04 September 2009 | Jake Kanter
Procurement must overcome its "identity crisis" to have a voice in businesses' biggest decisions, according to an industry analyst.
Speaking to SM, Michel Janssen, chief research officer at the Hackett Group, said CPOs across the globe are torn between securing cheap goods and services, and moving their organisations forward.
It follows a study by the US consultancy that found procurement is failing to cut costs at some of the world's largest companies during the recession (Web news, 26 August 2009).
Janssen said purchasing is in a "massive state of flux" and is uniquely positioned to deliver savings in response to reductions in revenue.
To make an impact, CPOs must use their supply chain knowledge and persuade senior management to redesign business processes and consider outsourcing, he said.
Kath Harmeston, group procurement and facilities management director at the UK's Royal Mail, admitted that the profession is "struggling" to balance its tactical, short-term duties with more strategic idea generation.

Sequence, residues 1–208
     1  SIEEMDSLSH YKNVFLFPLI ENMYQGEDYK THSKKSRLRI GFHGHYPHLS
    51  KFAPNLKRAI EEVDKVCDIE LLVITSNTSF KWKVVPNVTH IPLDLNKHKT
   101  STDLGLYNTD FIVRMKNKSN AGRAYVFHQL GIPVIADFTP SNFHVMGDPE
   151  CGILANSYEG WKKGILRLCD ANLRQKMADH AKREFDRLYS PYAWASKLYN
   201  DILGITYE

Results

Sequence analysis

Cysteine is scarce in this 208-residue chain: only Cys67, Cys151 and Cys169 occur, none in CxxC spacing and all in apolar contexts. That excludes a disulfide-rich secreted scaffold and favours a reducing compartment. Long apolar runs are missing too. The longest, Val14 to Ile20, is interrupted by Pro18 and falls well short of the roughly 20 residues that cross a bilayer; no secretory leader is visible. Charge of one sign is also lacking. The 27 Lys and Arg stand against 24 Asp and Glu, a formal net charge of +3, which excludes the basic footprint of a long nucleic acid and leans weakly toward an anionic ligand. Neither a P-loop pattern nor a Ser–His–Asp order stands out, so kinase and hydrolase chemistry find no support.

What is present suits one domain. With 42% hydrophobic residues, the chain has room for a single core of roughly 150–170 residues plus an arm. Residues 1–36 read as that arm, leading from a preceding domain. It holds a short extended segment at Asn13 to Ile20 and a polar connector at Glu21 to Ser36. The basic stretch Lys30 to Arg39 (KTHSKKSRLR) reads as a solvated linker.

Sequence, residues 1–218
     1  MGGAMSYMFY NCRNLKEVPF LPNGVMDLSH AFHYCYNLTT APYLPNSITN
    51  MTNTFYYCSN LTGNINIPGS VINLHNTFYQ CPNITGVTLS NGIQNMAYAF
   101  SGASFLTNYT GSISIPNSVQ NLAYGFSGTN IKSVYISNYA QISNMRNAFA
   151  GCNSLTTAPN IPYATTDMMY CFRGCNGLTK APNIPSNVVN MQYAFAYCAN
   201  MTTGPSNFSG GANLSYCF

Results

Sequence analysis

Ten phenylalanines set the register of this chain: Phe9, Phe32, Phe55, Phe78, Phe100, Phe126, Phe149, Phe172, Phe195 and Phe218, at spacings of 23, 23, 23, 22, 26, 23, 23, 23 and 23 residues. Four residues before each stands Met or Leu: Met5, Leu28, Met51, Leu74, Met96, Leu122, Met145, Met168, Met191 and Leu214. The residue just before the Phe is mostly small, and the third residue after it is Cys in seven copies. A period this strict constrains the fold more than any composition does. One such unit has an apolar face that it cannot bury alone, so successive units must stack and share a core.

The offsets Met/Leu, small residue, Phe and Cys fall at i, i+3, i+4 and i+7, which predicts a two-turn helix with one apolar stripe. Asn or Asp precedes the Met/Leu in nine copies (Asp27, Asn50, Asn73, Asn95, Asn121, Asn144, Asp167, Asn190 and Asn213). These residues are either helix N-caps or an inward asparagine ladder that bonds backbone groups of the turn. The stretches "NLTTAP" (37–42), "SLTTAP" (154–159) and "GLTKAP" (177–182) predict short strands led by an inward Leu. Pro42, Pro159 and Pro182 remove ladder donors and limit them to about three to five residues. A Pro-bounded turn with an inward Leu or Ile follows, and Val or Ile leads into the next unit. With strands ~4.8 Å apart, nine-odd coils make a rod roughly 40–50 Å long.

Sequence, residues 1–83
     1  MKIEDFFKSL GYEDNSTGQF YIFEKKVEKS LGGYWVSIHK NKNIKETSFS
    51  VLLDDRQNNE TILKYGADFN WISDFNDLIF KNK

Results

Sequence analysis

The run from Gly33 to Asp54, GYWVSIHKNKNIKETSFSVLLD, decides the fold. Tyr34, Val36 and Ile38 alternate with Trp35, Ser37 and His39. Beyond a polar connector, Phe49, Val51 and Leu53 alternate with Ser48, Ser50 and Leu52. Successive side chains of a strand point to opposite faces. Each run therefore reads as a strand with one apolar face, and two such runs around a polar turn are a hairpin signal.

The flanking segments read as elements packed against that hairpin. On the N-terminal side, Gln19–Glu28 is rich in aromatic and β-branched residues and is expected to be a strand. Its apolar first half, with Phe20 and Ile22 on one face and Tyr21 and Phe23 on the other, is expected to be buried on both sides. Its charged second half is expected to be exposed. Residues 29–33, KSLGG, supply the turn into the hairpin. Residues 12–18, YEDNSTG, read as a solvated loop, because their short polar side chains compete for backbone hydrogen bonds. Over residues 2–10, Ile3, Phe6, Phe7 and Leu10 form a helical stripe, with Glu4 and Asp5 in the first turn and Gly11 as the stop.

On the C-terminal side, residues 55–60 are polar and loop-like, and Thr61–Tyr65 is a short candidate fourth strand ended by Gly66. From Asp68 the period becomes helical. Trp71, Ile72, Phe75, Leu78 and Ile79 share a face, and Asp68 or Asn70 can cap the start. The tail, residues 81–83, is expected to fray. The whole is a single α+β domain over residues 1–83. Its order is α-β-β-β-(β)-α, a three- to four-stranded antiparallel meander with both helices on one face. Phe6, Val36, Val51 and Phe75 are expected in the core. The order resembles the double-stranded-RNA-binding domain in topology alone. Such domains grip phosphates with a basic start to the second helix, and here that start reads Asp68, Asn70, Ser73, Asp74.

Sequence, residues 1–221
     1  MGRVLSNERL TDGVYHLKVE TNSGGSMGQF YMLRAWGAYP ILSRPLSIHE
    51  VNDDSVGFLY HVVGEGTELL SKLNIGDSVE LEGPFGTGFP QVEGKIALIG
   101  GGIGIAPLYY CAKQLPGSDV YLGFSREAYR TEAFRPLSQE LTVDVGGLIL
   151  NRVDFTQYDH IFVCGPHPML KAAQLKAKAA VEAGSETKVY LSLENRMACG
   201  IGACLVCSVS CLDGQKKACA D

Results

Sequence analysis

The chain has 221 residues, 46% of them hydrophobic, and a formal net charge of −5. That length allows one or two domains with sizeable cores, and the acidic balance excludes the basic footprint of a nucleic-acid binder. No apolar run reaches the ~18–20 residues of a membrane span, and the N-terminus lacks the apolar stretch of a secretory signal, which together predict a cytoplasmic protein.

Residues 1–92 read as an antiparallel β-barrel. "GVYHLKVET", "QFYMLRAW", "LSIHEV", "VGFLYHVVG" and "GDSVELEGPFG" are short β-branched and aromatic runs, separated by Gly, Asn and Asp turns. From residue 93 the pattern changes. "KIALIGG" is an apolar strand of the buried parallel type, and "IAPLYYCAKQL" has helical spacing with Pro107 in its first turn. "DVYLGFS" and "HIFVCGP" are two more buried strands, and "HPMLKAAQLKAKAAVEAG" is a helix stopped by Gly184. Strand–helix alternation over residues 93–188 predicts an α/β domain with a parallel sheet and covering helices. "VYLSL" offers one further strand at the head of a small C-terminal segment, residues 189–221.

"We have the challenge of delivering value and savings to the business year in, year out, while also developing the next generation of ideas that will allow our businesses to survive, compete and succeed."
She added buyers must educate senior management about procurement and challenge their business priorities.
Andy Davies, director of the London Universities Purchasing Consortium, said an identity crisis was positive because it proves procurement is now battling with other functions for attention. "We have crawled out from under our stone and are saying that the relationship with the supply chain is critical to the business."
Colin Davis, head of supply chain at United Utilities, said buyers must "throw away traditional tools of measurement", such as savings targets, and act like entrepreneurs. "We should consider our departments as innovative businesses."
Adrian Cook, executive director of procurement at UK building materials firm Tarmac, disagreed that purchasing has an identity problem.
"CPOs need to be alive to their operating context. If the organisation is in survival mode then conversations on total cost of ownership, value and strategy are unlikely to be heard.
"Leadership will be interested in factors relating to price and cash."